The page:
The Objectivity of Organizational Functions


We critique the organizational account of biological functions by showing how its basis in the closure of constraints fails to be objective. While the account treats constraints as objective features of physical systems, the number and relationship of potential constraints are subject to potentially arbitrary redescription by investigators. For example, we show that self-maintaining systems such as candle flames can realize closure on a more thorough analysis of the case, contradicting the claim that these “simple” systems lack functional organization. This also raises problems for Moreno and Mossio’s associated theory of biological autonomy, which asserts that living beings are distinguished by their possession of a closed system of constraints that channel and regulate their metabolic processes.

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Fig. 1

(From (Montévil and Mossio 2015))

Fig. 2

(From (Moreno and Mossio 2015, 21; image credit to Maël Montévil))

Fig. 3
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  1. 1.

    We’ve substituted “→” in the quote for “=≫ ” used in the original text.

  2. 2.

    The term “constraint” appears to have two usages in (Moreno and Mossio 2015). On one hand, constraints are a kind of causal relationship between an entity and a process. “Constraints are local and contingent causes, exerted by specific structures or processes, which reduce the degrees of freedom of the system on which they act” (Moreno and Mossio 2015, 5), citing {Pattee:1972vh}. Similarly, “a trait T has a function if, and only if, it exerts a constraint subject to closure in an organisation O of a given system” (Moreno and Mossio 2015, 73). On the other hand, constraints are a kind of entity. “We suggest defining constraints as entities that exhibit a symmetry with respect to a process (or a set of processes) that they help stabilise” (Moreno and Mossio 2015, 11). Similarly, “constraints, in turn, refer to entities that, while acting upon these processes, can be said to remain unaffected by them, at least under certain conditions or from a certain point of view” (Moreno and Mossio 2015, 11). For clarity, we will restrict ourselves to the latter sense in which constraints are entities.

  3. 3.

    We use the definition from (Montévil and Mossio 2015) because it is stated slightly more formally, which helps highlight its key contents. We have also removed a parenthetical comment to a specific figure in (Montévil and Mossio 2015) for clarity.

  4. 4.

    Note that the quote below uses “constraint” to refer to a kind of causal influence the trait (an entity) has on some process in the system. (See also footnote 2.) A paraphrase using constraint as an entity would be “A trait T has a function if, and only if, it is a constraint for a process in the system and T is subject to closure in an organization O of the system.”.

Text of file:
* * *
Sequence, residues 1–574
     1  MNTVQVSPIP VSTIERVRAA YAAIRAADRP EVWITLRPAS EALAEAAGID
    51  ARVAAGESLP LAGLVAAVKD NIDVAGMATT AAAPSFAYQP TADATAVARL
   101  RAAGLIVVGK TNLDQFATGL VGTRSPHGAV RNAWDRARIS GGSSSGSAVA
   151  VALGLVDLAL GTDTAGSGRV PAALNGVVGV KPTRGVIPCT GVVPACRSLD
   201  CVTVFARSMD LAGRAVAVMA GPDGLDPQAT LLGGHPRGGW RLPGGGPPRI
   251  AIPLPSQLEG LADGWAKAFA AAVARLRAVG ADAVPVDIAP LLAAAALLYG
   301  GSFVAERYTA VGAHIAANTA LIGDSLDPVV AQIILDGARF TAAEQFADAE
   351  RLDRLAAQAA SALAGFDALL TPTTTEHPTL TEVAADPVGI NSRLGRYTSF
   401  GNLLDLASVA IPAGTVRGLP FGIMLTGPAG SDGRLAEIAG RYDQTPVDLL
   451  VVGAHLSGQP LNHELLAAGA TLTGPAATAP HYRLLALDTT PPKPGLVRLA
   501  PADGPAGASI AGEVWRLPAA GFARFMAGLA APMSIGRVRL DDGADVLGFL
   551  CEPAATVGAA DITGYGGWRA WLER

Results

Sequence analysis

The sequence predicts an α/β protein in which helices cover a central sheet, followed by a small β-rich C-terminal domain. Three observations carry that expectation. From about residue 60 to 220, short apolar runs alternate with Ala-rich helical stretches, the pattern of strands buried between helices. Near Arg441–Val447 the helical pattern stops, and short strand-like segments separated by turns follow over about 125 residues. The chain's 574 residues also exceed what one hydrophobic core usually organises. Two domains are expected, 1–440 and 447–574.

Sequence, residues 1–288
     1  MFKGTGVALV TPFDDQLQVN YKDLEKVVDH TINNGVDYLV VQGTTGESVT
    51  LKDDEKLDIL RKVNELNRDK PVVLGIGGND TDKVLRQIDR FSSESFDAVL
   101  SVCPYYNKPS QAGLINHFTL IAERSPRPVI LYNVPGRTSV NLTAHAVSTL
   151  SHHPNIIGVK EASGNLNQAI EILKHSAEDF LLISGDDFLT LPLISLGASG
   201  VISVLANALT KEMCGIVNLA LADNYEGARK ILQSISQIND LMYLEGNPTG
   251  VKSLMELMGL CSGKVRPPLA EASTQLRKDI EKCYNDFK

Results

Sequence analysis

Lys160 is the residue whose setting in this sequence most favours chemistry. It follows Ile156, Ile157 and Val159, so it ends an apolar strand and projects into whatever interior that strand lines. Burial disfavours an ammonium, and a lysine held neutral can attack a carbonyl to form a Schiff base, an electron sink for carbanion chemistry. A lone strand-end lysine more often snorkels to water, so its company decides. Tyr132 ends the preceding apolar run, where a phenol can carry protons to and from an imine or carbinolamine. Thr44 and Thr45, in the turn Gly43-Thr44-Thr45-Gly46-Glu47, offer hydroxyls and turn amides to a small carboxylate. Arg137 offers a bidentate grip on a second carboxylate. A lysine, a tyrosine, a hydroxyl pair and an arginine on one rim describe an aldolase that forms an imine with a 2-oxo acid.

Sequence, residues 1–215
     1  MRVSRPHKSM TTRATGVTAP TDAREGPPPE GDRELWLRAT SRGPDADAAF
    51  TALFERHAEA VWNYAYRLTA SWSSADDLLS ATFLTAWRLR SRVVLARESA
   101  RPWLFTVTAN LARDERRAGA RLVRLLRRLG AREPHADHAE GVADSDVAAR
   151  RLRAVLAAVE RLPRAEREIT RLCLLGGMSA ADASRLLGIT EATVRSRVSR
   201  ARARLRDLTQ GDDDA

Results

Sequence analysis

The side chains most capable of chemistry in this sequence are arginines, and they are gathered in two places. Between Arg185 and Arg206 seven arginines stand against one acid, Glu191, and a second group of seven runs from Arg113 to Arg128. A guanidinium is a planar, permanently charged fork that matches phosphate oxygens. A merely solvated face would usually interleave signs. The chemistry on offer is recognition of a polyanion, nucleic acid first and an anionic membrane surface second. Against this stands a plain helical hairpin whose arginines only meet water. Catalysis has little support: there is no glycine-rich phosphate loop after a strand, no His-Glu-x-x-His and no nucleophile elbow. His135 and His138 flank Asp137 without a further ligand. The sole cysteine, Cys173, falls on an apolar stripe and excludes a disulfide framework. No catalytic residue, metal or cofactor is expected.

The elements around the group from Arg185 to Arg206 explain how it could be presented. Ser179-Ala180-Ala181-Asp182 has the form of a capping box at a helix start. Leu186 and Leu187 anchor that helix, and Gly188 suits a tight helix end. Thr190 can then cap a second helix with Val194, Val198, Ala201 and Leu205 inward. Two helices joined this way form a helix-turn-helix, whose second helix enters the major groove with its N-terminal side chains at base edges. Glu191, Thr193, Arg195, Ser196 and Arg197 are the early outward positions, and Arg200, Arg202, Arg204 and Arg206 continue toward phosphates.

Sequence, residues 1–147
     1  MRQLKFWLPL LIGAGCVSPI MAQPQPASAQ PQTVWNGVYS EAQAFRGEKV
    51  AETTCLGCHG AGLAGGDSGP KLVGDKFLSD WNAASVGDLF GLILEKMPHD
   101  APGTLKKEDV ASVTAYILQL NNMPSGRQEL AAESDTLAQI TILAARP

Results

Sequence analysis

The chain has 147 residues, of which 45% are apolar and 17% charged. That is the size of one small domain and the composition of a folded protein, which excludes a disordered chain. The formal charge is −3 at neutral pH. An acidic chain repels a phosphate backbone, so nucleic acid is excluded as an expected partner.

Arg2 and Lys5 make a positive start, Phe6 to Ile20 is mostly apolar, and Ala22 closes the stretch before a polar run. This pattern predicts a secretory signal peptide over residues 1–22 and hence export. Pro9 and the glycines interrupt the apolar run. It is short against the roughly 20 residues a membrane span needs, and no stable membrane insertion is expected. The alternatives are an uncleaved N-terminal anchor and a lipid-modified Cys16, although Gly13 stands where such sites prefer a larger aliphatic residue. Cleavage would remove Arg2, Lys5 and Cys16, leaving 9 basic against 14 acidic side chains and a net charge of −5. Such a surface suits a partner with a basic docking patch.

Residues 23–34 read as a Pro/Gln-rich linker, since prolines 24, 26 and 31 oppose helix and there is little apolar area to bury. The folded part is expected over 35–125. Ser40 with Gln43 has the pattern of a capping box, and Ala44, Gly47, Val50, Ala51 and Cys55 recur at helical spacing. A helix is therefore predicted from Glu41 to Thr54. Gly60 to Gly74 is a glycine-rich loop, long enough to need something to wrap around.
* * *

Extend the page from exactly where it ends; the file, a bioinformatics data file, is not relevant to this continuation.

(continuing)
5. 5.

    To see why it matters, consider a cellular enzyme that undergoes a major allosteric change in shape upon binding to its substrate that is necessary for becoming catalytically active. The enzyme is thus constrained by the presence of the substrate, which itself is unaltered on the timescale of the allosteric change. For argument, let’s assume that the substrate is produced externally to the cell, and so it is not dependent on any other constraints involved in maintaining the cell’s existence. If being subject to closure requires direct dependence on a constraint in the closure set, then the enzyme fails this condition: the presence of the substrate contributes to maintaining the enzyme’s catalytic capacity after any other process enabled by the cell. On MM’s view, the enzyme would then be merely useful but not functional, which is an odd result (Moreno and Mossio 2015). Dropping the direct dependence requirement, however, leads to a parallel liberality problem that made directness important for closure in the first place. If a cell contributes to maintaining a feature of its environment, this feature could then count as functional if it contributes through an indefinitely long and complex chain of processes (subject to other constraints) to maintaining the cell’s organization.

  6. 6.

    Our thanks to an anonymous referee for raising these points.


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We would like to thank the University of Michigan and its Society of Fellows program for providing us with the time and support to collaborate on this project, and Erin Barringer-Sterner for help designing our figures. We also thank the referees and editors for their detailed and constructive feedback, which helped improve the manuscript substantially.

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Correspondence to Beckett Sterner.

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Cusimano, S., Sterner, B. The Objectivity of Organizational Functions. Acta Biotheor 68, 253–269 (2020).

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  • Biological autonomy
  • Feed forward loop
  • Network motifs
  • Constraints
  • Biological individuality
  • Biological function